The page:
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Natural Activity of the cyclotides

All of the original discoveries of cyclotides were the result of their natural activities - either through native medicinal use or as the result of various bioassays. The cyclotides exhibit a range of interesting bioactivities, apart from their uterotonic activity, they also display haemolytic [42,23,21,56,22,55], anti-HIV [22,24,29], neurotensin inhibitory [23], anti-microbial [56], insecticidal [46] and anti-tumour/cytotoxic activities [57,58]. Although the cyclotides have been shown to possess this range of activities their functional significance to the plant has not been definitively established, however their potent insecticidal activity would seem to suggest that they have a role in plant defences. The natural activities of the cyclotides are summarised in Table 1.1.

Table 1.1: Biological activities of the cyclotides.
Activity Compound Plant Reference
Uterotonic kalata B1 Oldenlandia affinis [16]
Haemolytic violapeptide 1 Viola arvensis [21]
  kalata B1 Oldenlandia affinis [42,55,58]
  circulin A and B Chassalia parvifolia [22]
  cyclopsychotride A Psychotria longipes [23]
Anti-HIV circulin A and B Chassalia parvifolia  
  cycloviolins A-D Leonia cymosa [29]
  palicourein Palicourea condensata [24]
Neurotensin Antagonist cyclopsychotride A Psychotria longipes [23]
Anti-microbial kalata B1 Oldenlandia affinis [56]
  circulin A and B Chassalia parvifolia  
  cyclopsychotride A Psychotria longipes  
Insecticidal kalata B1 Oldenlandia affinis [46]
Cytotoxic/Anti-tumour circulin B Chassalia parvifolia [58]
  cyclopsychotride A Psychotria longipes  
  varv A Viola arvensis [57]
  varv F Viola arvensis  
  cycloviolacin O2 Viola odorata  

The mechanisms by which these bioactivities are mediated is not known, although the unusual hydrophobicity of the cyclotides may be involved in some of them. Certainly haemolytic, anti-microbial and cytotoxic activity could be the result of hydrophobic interactions with the plasma membrane -- whether by the formation of pores or some other action. Other studies have hinted, however, that the cyclotides may mediate specific interactions with a variety of targets. For example, it has been speculated that cyclopsychotride A operates via a receptor mediated mechanism to inhibit the binding of neurotensin to human HT-29 carcinoma cells, although the receptor that may be involved has not determined [23]. Furthermore, anti-microbial assays have suggested that specific cyclotides have different effectiveness against particular bacteria, with kalata B1 and circulin A showing effectiveness against the Gram-positive Staphylococcus aureus while circulin A and cyclopsychotride A acted against both Gram-positive and Gram-negative bacteria [58]. Removal of the positive charge in kalata B1 reduced it's anti-microbial activity leading to the suggestion that electro-static interactions are important for this activity [58]. Finally, a novel mode of action has been suggested to be involved in the cytotoxic activity shown by varv A, varv F and cycloviolacin O2 [58], as based on the significant differences between the activity profiles of these cyclotides relative to other conventional anti-tumour medications [57].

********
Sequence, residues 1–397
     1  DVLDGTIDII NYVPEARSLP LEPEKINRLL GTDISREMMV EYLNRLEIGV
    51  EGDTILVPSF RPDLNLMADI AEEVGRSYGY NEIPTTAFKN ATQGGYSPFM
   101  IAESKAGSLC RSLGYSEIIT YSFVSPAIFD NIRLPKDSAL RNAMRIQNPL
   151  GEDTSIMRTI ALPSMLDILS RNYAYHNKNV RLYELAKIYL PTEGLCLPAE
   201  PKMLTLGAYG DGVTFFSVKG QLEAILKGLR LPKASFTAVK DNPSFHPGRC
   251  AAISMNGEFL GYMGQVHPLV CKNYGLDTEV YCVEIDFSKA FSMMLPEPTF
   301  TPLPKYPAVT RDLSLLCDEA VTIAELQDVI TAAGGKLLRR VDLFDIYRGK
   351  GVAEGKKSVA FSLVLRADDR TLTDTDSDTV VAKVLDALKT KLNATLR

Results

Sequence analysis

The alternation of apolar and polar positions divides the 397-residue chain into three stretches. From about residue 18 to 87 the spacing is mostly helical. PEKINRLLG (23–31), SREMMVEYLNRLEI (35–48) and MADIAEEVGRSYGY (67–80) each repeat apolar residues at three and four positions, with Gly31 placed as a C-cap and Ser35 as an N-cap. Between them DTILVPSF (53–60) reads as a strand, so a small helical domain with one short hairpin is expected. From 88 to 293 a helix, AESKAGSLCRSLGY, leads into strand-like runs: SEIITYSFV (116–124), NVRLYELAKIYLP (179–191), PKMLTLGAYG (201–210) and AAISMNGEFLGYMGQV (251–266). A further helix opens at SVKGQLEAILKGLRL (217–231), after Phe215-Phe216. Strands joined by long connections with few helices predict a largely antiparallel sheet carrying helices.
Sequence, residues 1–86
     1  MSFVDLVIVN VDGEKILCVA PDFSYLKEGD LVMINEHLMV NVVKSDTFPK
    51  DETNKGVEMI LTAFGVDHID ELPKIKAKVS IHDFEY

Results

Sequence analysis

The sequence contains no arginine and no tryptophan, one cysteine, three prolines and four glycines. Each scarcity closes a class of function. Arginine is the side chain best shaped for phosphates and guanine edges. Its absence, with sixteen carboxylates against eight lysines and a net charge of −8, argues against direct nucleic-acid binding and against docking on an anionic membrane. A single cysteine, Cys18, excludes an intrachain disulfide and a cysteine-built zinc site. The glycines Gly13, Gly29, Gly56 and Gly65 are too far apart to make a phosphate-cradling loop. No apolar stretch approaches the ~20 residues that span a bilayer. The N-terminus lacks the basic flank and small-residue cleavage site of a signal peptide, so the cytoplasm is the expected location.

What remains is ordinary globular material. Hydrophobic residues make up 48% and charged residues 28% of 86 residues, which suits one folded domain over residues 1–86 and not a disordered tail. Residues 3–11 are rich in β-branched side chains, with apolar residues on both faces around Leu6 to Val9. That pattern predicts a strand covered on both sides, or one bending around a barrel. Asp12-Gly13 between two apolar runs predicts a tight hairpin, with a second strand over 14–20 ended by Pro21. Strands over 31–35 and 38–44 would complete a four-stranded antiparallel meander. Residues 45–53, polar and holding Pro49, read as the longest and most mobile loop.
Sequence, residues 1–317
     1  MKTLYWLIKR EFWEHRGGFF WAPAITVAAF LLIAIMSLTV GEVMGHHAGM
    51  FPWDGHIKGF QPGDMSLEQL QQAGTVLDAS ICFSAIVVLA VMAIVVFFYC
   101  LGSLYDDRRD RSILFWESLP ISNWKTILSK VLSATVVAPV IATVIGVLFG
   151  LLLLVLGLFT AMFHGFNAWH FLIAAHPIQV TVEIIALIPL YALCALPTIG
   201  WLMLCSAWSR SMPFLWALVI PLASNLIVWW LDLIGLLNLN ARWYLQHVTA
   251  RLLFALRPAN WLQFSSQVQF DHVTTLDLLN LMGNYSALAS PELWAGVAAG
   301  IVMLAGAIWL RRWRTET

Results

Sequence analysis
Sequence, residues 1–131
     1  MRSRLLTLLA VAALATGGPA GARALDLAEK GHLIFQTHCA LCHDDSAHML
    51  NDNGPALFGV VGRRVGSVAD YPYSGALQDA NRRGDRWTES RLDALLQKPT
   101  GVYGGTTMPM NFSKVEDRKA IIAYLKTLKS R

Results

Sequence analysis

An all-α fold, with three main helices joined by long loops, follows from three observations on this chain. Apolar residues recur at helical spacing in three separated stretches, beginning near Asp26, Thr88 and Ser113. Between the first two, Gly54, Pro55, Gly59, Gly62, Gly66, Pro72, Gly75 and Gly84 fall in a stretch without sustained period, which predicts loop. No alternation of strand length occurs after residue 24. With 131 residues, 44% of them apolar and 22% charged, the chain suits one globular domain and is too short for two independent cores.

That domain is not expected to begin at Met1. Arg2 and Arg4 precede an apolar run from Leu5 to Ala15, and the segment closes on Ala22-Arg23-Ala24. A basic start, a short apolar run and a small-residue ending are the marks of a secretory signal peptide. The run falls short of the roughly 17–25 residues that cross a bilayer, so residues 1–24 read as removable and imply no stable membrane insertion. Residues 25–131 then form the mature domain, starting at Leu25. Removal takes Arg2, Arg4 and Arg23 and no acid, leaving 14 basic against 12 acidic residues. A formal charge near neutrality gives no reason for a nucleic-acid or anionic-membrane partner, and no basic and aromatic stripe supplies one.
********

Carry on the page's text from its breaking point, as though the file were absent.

Feeding trials of kalata B1 in the crop pest Helicoverpa armigera showed potent inhibition of larval growth suggesting a role for the cyclotides in plant defences [46]. It is possible that the cyclotides may be acting to inhibit key digestive enzymes. Such a strategy is common in the plant kingdom, with protein inhibitors of proteases widely distributed and their operation against exogenous proteases indicating that they have an important role in plant defences [59,60,61,62]. However, assays conducted in the same study using kalata B1 and B2 showed no inhibition of trypsin, chymotrypsin or $ \alpha$-amylases. Although this does not preclude the possibility of activity against another, as yet unknown, protease, it is also possible that the cyclotides are players in a different plant defence strategy.

Given the number of cyclotides discovered and the range that exist in a single plant [63], it would seem likely that they possess some type of specific activity, possibly receptor mediated, to fulfil their function within the plant. This consideration is further strengthened by the marked difference in conservation between the two cyclotide subfamilies. Both types exist in the same plant and it is possible that the Möbius subfamily may perform a distinct function from that fulfilled by the bracelet subfamily. Certainly the variation of charged residues within the bracelet subfamily, especially in the solvent exposed loops 5 and 6, may point to specific receptor or membrane interactions. Genetic variation is often a trademark of defence based proteins as the ``arms'' race between the plant and the attacker drives the evolution of novel modes of action. Examples of this gene-for-gene model exist in the plant world and include the Avr and Cf genes in Cladosporium fulvum and tomato [64] and the coevolution of insect trypsins and plant trypsin inhibitors [65]. Whether a similar process is driving variation within the cyclotides is not known, although given these considerations this scenario cannot be discounted.

next up previous contents
Next: Cyclotide Evolution Up: The Cyclotides Previous: Biosynthesis
Jason Mulvenna